Shaping globalization with Joseph Stiglitz
Columbia University economist Joseph Stiglitz is #30 on Foreign Policy’s list of the 100 Top Global Thinkers of 2010. Stiglitz told Chrystia that his big idea is “globalization is something that has to be shaped.”
For much of recent history, special interests have driven the globalization agenda, he says. One of the primary obstacles to completing the Doha Round of free-trade negotiations is the billions of dollars of subsidies the U.S. showers on about 25,000 American cotton farmers, a policy that impoverishes more than 10 million cotton farmers in Africa and that has been judged as a violation of WTO rules.
Despite globalization’s shortcomings, Stiglitz does not believe it is to blame for the hollowing out of America’s middle-class. Increases in productivity and technological changes have reduced the demand for the unskilled labor. “The real failure of public policy,” Stiglitz says, is that “it hasn’t responded effectively to the driving forces of technology and globalization.” Stiglitz argues that by lowering barriers to trade while failing to invest in health care and education, America has resigned itself to having a middle class that lacks the skills to compete in the global economy.
Stiglitz has not one, but three, big ideas in the pipeline. First, he would like to study the design of financial architecture to find out what the optimal degree of inter-connectivity is in the capital markets. Too often, he says, economists look at either the benefits of risk-sharing or the costs of contagion without formulating a model that considers both.
Second, Stiglitz would like to research the role of ideas in shaping the economy. He recently co-authored a paper with Carla Hoff of the World Bank called “Equilibrium Fictions” that analyzes confirmation bias, the tendency to process information in a way that validates one’s worldview, by looking at the social construct of race in modern history.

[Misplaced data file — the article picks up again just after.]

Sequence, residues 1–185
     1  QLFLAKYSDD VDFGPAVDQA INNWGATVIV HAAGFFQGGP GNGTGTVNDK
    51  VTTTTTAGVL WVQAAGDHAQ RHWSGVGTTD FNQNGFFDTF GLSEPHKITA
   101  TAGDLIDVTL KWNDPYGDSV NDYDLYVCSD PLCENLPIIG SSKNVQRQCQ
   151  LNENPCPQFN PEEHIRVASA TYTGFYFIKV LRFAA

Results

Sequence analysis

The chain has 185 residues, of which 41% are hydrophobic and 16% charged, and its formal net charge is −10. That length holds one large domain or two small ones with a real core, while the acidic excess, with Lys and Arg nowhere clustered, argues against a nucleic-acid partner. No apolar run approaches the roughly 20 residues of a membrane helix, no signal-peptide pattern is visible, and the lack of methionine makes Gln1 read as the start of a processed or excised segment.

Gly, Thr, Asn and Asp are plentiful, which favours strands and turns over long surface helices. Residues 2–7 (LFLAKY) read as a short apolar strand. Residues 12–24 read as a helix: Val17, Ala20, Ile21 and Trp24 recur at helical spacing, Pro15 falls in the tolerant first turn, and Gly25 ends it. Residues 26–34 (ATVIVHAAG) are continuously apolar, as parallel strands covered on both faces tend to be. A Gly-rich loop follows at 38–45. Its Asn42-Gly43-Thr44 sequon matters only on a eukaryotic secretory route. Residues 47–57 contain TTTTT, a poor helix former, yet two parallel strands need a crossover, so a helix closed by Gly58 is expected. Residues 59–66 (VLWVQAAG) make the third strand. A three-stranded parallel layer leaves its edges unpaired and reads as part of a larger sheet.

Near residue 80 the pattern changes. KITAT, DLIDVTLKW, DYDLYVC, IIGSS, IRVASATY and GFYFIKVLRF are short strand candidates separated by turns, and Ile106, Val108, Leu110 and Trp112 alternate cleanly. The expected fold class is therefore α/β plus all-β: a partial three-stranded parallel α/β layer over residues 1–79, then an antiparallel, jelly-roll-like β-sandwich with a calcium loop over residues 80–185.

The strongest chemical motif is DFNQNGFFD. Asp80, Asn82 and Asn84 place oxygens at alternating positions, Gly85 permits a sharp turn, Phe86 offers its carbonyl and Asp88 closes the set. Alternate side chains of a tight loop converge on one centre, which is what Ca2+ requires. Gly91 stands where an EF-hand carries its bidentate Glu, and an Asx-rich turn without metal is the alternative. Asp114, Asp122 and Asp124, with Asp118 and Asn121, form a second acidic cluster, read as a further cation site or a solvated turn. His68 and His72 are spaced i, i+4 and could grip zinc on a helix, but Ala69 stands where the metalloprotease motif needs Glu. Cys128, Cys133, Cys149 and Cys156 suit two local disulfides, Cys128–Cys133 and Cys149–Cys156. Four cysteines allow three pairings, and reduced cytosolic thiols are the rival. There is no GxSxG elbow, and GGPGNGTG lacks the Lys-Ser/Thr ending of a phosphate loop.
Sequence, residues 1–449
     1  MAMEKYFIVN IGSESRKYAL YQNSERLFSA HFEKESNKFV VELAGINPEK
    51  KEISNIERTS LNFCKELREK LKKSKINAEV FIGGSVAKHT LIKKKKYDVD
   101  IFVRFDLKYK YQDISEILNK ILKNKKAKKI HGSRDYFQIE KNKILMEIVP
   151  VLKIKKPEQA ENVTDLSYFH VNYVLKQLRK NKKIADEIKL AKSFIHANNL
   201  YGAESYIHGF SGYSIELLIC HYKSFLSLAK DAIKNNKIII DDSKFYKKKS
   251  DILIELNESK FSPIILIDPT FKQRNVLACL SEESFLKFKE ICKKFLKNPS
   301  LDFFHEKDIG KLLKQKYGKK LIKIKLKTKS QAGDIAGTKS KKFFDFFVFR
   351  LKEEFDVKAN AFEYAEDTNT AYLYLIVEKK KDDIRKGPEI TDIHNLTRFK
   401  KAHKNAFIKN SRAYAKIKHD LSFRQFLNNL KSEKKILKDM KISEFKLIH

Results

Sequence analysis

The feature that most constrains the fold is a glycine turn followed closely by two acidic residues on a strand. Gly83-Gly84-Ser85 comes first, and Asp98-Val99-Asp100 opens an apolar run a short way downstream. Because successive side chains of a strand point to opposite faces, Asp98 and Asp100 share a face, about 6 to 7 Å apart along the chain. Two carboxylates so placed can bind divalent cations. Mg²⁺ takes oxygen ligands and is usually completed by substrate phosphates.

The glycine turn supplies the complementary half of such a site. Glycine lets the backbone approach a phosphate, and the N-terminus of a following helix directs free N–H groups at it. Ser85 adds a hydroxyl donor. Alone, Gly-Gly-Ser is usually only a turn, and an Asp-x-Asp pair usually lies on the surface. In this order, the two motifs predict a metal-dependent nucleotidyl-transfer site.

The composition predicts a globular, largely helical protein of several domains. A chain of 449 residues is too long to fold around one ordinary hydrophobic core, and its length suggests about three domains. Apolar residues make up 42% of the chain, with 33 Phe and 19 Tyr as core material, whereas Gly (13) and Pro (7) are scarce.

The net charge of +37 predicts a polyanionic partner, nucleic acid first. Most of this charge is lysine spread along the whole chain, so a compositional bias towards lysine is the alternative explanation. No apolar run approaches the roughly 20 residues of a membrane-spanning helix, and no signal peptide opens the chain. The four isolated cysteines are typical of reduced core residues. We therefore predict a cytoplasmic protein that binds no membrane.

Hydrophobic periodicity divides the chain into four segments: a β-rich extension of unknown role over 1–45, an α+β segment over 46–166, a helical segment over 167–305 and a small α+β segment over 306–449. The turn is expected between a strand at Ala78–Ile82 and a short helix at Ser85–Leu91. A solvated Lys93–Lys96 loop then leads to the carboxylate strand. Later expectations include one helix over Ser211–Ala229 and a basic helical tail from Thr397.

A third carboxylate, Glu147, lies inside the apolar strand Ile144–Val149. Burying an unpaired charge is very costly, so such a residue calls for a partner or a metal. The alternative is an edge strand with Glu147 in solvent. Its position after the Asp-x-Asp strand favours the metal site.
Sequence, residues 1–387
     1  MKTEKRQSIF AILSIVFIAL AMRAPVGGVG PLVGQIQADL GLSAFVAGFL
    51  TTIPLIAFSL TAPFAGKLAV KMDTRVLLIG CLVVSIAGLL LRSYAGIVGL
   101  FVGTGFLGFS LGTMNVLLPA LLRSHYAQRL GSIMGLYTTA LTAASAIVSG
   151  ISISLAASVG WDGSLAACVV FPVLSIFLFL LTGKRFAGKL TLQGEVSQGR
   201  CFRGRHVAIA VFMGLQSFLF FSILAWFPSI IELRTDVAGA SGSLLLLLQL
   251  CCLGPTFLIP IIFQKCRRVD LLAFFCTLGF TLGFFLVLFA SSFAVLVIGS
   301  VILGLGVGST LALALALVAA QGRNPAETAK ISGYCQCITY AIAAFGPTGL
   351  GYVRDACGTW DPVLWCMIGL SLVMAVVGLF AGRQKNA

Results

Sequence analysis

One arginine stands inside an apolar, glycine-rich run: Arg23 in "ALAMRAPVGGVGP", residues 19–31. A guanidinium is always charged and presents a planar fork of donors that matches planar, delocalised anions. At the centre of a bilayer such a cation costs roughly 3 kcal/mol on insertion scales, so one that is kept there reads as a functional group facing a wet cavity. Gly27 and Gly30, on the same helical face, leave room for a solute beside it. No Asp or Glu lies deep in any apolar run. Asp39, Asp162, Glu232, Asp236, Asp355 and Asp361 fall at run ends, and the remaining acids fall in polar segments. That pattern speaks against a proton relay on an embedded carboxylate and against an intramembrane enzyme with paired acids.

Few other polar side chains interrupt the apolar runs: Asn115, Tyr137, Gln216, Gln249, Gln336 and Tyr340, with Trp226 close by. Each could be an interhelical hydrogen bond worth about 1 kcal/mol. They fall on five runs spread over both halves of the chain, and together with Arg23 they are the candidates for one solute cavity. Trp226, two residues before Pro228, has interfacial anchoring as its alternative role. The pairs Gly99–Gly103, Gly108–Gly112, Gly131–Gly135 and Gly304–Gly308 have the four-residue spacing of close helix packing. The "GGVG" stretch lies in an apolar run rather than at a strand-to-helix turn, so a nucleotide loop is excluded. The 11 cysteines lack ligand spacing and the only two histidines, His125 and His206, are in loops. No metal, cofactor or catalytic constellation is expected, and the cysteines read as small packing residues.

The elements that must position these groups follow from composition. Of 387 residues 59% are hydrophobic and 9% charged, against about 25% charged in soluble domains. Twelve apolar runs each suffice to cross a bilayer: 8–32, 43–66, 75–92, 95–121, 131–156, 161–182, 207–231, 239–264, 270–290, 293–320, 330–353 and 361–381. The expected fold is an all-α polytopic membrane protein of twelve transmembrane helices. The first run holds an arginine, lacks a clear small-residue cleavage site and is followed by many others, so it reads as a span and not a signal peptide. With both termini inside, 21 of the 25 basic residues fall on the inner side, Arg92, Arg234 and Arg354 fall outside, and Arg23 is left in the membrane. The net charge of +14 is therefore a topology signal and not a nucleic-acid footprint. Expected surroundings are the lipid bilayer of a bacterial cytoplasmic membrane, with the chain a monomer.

Third, Stiglitz outlines his next book, which will look at how the financial crisis has affected globalization and undermined America’s credibility on economic policy.
But, Foreign Policy placed Stiglitz on their list of Top Global Thinkers for a completely different reason — “his full-throated defense of fiscal stimulus”:
If last year was Joseph Stiglitz’s “I told you so” moment, this year has been his “so what do we do about it” opportunity. The Nobel laureate and former World Bank chief economist has gone from predicting the cataclysmic fall of the deregulated global economy to outlining a way back from the abyss.
That’s not to say the famously iconoclastic professor is pulling punches. Stiglitz has excoriated Barack Obama for appointing the very same people who caused the financial crisis to manage the recovery. In his latest book, Freefall: America, Free Markets, and the Sinking of the World Economy, Stiglitz outlines how existential problems such as weak regulations and moral hazard were disregarded in favor of injecting cash back into the most risk-prone banks, while substantive issues such as the foreclosure crisis and the scarcity of small-business loans have worsened with neglect. As for the wave of austerity sweeping Europe, he recently cautioned, that could send the world into an economic tailspin. Stiglitz’s refrain? Forget the deficit and invest boldly in technology and infrastructure. As he wrote in September, “We cannot afford not to stimulate the economy.”
Read a full interview with Stiglitz at Foreign Policy‘s Global Thinkers Issue.
Posted by Peter Rudegeair.